To methyl gamma-chloroacetoacetate (199.72 g, 1.327 mol) in isopropanol (350 ml) at 20 C. was added with stirring, 1,6-hexanedithiol (98.75 g, 0.658 mol) in isopropanol (350 ml) over 5 minutes, followed by isopropanol washings (270 ml) over a further 5 minutes. To the resulting solution at 22 C. was added dropwise sodium hydroxide (52.55 g, 1.314 mol) in methanol (650 ml) over 60 minutes, during which the temperature increased to 31 C., followed by addition at 30 C. of methanol washings (80 ml) over 5 minutes. The milky suspension was stirred at 27 C. for another 60 minutes, and then allowed to stand at 21 C. overnight (16 hours) The suspension was again stirred at 21 C. for 3 hours, during which complete reaction was confirmed by thin-layer chromatography. Water was added to give a two-phase liquid mixture, which was extracted with dichloromethane, and the combined organic phases were dried (Na2SO4). Removal of solvent and drying (86 C./100 Pa) gave dimethyl 3,14-dioxo-5,12-dithia-1,16-hexadecanedioate CH3OOCCH2COCH2S(CH2)6SCH2COCH2COOCH3 as a mobile oil (248.55 g, yield 100%, purity 99% by NMR).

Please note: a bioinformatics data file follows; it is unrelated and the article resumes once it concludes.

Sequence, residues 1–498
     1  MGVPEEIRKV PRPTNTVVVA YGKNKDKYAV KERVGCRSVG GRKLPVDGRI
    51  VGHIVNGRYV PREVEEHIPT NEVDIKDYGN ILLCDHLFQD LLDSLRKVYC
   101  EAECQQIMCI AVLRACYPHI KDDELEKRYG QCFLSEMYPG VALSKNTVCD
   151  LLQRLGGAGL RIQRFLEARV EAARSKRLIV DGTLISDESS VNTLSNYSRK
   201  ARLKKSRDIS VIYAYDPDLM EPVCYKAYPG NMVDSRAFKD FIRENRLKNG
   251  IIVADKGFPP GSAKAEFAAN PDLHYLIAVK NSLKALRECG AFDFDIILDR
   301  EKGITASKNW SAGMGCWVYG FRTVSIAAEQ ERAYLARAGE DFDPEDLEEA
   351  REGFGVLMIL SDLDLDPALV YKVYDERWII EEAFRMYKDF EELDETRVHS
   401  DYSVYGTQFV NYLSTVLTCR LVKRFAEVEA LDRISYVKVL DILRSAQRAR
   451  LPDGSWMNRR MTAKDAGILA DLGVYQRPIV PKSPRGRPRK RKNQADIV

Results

1,10-Bis-(1-phenyl-5-oxo-3-pyrazolinyl)-2,9-dithiadecane

To dimethyl 3,14-dioxo-5,12-dithia-1,16-hexadecanedioate (209.58 g, 0.554 mol) in methanol (850 ml) at 20 C. was added with stirring phenylhydrazine (124.00 g, 1.148mol) in isopropanol (510 ml) over 15 minutes, during which the temperature increased to 39 C. The reaction mixture was heated to 60 C. over 25 minutes and maintained at 63 C. for a further 90 minutes. After cooling to 20 C. overnight (17.5 hours), much solid had crystallised from solution. The reaction mixture was stirred at 21 C. for 4.5 hours, and the thick suspension was then filtered to separate solid. The solid was washed with methanol/isopropanol (280:170 v/v, 2450 ml) until washings were virtually colourless, sucked dry on a filter, and then dried under vacuum to constant weight, to give 1,10-bis-(1-phenyl-5-oxo-3-pyrazolinyl)-2,9-dithiadecane (BPOPDD) (formula shown below) (199.26 g, 73%) as a pale brown powder, mp 136-137 C., identified by 1H-NMR, 13C-NMR FT-IR and Raman spectra.